WHAT’S IN IT FOR YOU?
A major experienced manufacturer put up with an ‘out of stock’ problem because of resource limitations and / or internal skills issues. As I was the only one in the department with a marketing qualification it made sense to use my training to look at creating an ordering system that addressed this problem.
If you have a long standing business problem, sometimes it takes an external consultant like myself, to be employed exclusively to work on that problem to create a long term efficient solution. This article looks at how a solution to a single long standing problem was developed. If you would like to see other work that I performed in Clipsal, please see the Product management section of this site.
INTRODUCTION: This section describes the work I performed on a stock holding issue while working in Clipsal (Gerard Industries) in the Product Management department. Inside of Australia’s largest electrical manufacturer, I pro-actively chose to create this project simply because I was becoming swamped with customer complaints over ‘out of stock’ back orders being delayed.
Previously my portfolios were managed by convenience or 'how its always been done. Another critical issue was that the ordering for the whole company was often left to a single store-man who had many other priorities. This meant that they usually kept ordering similar amount of stock that was used the previous year, while not addressing the previous years order problems. This of course was tempered with ‘gut feel’ however it did not include updated minimum or maximum stock levels. It also meant extra holdings were not kept in the traditional low seasons when a level that was too low would mean that any medium size development that unexpectedly required the products would exhaust Clipsals stock. The slow replacement was frustrating and losing customers, especially when products and components could take up to three months to arrive from Asia.
ACTION: To understand the current state of stock order of products I performed a five year sales analysis on all products within my portfolio. Performing sales analysis helped build a case for which products needed to be deleted from ranges. For instance, the exhaust fan range had over 300 products which were making it difficult for customers, wholesalers and Clipsal to track, select the ideal product and carry all the range. It also meant that with limited warehousing, that many ranges often ran out of popular products.
RESULTS: My analysis helped understand each product’s net margin, length of holding time etc. After choosing which products to delete, I used competitor analysis, focus groups and ‘one on one’ interviews to help provide information for new product development plans. For a long term solution I analysed the seasonal stock holding patterns over the last five years and created an ordering program to account for seasonal sales trends and other parameters unique to this industry. This resulted in spare part order times being reduced and a saving of 15% on storage / assembly line costs over the year. The local manufacturing line could also be freed up for six months of the year as previously the line used to create constant small amounts of one product each month and then downtime occurred to swap tooling for another product. The program effectively kept the same total yearly order levels but re-distributed holdings to ensure there was always stock, but not an oversupply.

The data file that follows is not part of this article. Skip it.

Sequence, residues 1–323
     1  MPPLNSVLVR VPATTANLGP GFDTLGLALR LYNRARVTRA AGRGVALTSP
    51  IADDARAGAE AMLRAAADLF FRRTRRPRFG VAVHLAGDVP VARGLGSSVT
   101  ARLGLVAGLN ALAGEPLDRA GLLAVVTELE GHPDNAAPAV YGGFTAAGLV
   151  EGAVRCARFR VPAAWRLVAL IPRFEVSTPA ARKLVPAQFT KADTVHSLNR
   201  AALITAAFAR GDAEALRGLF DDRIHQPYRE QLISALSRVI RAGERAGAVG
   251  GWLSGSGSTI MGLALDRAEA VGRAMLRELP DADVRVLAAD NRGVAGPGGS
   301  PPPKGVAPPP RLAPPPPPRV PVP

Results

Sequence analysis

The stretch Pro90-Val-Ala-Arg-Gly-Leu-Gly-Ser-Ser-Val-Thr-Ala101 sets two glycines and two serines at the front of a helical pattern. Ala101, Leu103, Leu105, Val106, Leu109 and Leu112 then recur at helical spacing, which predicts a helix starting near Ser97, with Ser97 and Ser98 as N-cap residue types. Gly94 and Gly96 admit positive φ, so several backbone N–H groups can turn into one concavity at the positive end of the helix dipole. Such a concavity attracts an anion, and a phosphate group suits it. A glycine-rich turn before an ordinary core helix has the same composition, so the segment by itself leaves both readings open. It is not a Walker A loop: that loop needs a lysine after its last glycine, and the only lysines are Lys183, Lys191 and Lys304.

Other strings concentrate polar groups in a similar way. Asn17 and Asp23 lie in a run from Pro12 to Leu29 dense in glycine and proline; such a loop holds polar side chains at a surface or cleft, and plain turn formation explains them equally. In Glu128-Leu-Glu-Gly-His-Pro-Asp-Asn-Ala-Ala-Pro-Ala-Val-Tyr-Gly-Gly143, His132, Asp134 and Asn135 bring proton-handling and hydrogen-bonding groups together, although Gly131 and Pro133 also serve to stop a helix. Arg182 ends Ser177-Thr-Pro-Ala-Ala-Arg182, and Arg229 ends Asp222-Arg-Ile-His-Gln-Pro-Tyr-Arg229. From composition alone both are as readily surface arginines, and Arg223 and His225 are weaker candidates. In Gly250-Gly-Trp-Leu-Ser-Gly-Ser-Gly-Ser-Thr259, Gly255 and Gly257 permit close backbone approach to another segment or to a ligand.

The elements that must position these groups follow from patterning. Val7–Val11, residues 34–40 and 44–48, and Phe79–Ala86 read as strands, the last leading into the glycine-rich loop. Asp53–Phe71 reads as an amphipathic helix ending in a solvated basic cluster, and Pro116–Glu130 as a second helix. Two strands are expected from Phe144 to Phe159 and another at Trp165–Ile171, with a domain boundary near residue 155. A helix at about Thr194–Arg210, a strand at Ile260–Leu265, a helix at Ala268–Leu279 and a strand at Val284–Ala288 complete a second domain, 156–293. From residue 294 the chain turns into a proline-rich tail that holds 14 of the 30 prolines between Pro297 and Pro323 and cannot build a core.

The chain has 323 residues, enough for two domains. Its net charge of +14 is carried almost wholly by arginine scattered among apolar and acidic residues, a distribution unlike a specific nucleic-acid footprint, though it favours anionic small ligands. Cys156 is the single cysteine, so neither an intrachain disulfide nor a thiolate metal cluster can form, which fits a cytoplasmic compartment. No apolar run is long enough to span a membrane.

Example: Mistral exhaust product 3XXX-0. For this range I introduced monthly control limits (min / max stock), and allowed for a spare stock level of 100 fans to allow for new projects, expected months covered with above sales before backorders = 2 months. This resulted in only 70 more products being held per year, however holdings more closely matched sales requirements and ensured the products did not run out.
Stock Ordering schedule changes
Manufacturing environments experience many marketing issues from quality assurance, competition from cheap imports and product returns. With the high competition from cheap Chinese products a company like Clipsal could not afford to allow continual ‘out of stock’ issues to kill customer loyalty, yet sometimes market dominance makes it difficult for large companies to address these ‘little problems’. Clipsal is now fully foreign owned.
Many companies put up with these kinds of issues until they spiral out of control, simply because they do not have the internal skills or time to deal with them. If you have an issue that has been affecting your company for a while, perhaps it’s time to do something about it before it too grows out of hand.